New York Philomusica







2007-2008 Subscription Concerts - New York City

The Broadway Presbyterian Church
Broadway at 114th Street

The 36th Year in NYC! Modern Haydn -- Then as Now

For the 2007-2008 season New York Philomusica explores the immense spectrum of musical innovation embodied by Joseph Haydn.

Thursday, October 4, 2007, 8PM

Thursday, December 6, 2007, 8PM

Thursday, February 21, 2008, 8PM

Thursday, May 1, 2008, 8PM


Detailed programs at a glance

One of the most prominent composers of the Classical period, Haydn has been called the �father� of many of the musical forms common today. Artistic Director A. Robert Johnson has put together a wide range of music similar to that which Haydn would have been commissioned to write in a typical season by his patron, Count Nicolas Esterhazy, to give modern audiences a taste of the many ways in which Haydn contributed to our understanding of music as we know it today.

In keeping with New York Philomusica�s tradition of presenting and contrasting masters from all ages, the music of Haydn will be juxtaposed with numerous others of note, including Beethoven, Mozart, Brahms and our current Featured Composer Michael Berkeley.

What more appropriate composer than Haydn to explore the subject of how we have come to appreciate music of the past while pondering the future? Of Haydn, Johnson says, �Tradition! Who ever heard of Wagenseil? Or Cannabich? Haydn did. In fact he borrowed some good ideas from each and made them his own, standing the tradition of his day on its head.� This is what New York Philomusica does for today�s listeners.

We've loved the music of Joseph Haydn since forever! Subscribe to the 2007-08 concerts, and you will love it forever!



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Four-concert subscriptions: $140 (Seniors: $125, Students: $25)
Single tickets: $40 (Seniors: $35, Students: $10)

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Detailed Programs

I. Thursday, October 4, 2007, 8PM
7:30PM Meet-the-Artists Session
   Post-concert Reception

We begin when Joseph introduced us to his music for violin, viola and 'cello.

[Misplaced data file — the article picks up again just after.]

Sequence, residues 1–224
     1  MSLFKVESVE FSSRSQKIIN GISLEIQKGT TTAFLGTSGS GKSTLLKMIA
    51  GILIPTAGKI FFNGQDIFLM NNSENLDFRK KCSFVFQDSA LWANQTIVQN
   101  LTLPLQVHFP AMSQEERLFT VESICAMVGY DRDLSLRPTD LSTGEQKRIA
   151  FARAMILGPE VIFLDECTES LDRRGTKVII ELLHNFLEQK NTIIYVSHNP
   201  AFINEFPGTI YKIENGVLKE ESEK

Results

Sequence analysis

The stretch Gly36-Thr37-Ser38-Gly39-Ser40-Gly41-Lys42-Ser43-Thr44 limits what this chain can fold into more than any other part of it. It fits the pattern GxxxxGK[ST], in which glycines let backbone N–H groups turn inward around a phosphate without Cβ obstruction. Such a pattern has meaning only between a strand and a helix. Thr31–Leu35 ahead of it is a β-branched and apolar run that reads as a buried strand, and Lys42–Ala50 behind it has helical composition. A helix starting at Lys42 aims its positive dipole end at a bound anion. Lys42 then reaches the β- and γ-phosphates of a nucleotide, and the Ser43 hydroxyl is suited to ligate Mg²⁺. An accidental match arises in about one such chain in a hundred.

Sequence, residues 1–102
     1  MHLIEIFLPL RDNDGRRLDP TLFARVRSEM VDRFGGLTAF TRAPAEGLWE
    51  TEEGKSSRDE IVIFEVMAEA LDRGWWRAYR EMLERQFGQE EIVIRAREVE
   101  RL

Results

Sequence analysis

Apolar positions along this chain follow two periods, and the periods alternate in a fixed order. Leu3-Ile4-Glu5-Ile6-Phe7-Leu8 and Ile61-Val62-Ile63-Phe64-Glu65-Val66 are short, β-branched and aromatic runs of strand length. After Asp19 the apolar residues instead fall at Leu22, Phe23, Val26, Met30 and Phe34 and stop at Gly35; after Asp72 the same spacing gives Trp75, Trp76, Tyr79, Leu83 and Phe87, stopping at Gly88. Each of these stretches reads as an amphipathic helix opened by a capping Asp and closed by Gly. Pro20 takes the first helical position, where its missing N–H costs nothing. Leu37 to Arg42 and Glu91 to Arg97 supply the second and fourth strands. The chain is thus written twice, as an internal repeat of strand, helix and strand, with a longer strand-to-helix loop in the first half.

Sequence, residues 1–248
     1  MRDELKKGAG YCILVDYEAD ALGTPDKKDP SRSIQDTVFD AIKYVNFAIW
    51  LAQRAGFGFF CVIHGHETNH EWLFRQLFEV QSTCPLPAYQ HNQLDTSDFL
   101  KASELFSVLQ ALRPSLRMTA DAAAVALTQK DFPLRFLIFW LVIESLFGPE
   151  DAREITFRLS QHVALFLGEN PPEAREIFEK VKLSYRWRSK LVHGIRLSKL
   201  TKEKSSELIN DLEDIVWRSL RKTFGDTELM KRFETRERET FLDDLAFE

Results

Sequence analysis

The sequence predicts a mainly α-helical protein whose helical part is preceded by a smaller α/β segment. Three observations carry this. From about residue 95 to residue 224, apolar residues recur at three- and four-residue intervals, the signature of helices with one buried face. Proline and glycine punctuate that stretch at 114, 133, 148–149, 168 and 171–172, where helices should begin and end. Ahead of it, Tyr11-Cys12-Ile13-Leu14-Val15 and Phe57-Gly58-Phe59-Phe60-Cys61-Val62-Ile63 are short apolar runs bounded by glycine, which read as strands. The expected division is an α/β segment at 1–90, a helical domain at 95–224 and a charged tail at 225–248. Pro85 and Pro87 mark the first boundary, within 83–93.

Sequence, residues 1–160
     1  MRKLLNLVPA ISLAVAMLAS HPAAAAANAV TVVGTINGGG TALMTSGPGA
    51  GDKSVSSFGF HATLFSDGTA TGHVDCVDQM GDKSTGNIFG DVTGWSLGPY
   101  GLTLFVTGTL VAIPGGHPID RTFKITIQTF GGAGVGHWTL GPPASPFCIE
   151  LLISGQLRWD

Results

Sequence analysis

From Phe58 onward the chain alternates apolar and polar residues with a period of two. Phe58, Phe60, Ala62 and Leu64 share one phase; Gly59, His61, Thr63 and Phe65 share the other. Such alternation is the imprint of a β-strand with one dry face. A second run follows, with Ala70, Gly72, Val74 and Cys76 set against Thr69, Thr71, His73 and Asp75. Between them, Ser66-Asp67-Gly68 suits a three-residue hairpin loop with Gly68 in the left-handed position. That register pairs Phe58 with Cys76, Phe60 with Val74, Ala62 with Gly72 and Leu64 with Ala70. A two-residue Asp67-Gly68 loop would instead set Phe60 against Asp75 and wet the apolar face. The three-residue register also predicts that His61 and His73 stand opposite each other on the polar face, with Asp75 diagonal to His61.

JOSEPH HAYDN Trio in G, Op. 53, No. 1 (1787)
A.P.F. BOELY (1785 - 1858) Trio No. 1 in D, Op. 5 (1808)
ZOLT�N KOD�LY (1882 - 1967) Intermezzo (1905)
MICHAEL BERKELEY (b. 1948; Featured Composer) Trio (1978)
LUDWIG VAN BEETHOVEN Trio No. 1 in G, Op. 9.1 (1797)

Read the program notes for this concert (Microsoft Word)


II. Thursday, December 6, 2007, 8PM
7:30PM Meet-the-Artists Session
    Post-concert Reception

We jump forward from a late Haydn Piano-Trio, all but forgotten today, to hear his influence on a few of the 20th Century's notables.

JOSEPH HAYDN Trio in B-flat, Hob.XV:20
ANTON WEBERN (1883 - 1945) Four Pieces for Violin and Piano (1914)
ALBAN BERG (1885 - 1935) Adagio from Kammerkonzert (1923 - 1925; 1935 - scored by the composer for clarinet, violin and piano)
PAUL HINDEMITH (1895 - 1963) Quartet (1938) for clarinet, violin, 'cello and piano (This is the first piece in the instrumentation made famous by Messiaen.)


III. Thursday, February 21, 2008, 8PM
7:30PM Meet-the-Artists Session
   Post-concert Reception

This is what genius does with one each: piano, violin, viola, 'cello and contrabass.

JOSEPH HAYDN Trio in E-flat, Hob.XV:30 (1795) for piano, violin and 'cello
MICHAEL BERKELEY Odd Man Out (1994) for solo viola
MICHAEL BERKELEY Funerals and Fandango (1984) for solo violin
JOSEPH HAYDN Fantasia, Hob.XVII:4 (1789) for solo piano
MICHAEL BERKELEY For the Savage Messiah (1985) for piano, violin, viola, 'cello and contrabass
JOHANNES BRAHMS (1833 - 1897) Quartet No. 3 in C minor, Op. 60 (1855 - 1875) for piano, violin, viola and 'cello


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IV. Thursday, May 1, 2008, 8PM
7:30PM Meet-the-Artists Session
   Post-concert Reception

The String Quartet - a perfect exposition of Haydn's inventive genius.

JOSEPH HAYDN Quartet in g minor, Op. 74, No. 3 (1793)
ANTONIN DVORAK (1841 - 1904) Selections from Cypresses, B.152 (1887)
MICHAEL BERKELEY Quartet No. 1 (1981)
LUDWIG VAN BEETHOVEN Quartet No. 5 in A, Op. 18, No. 5








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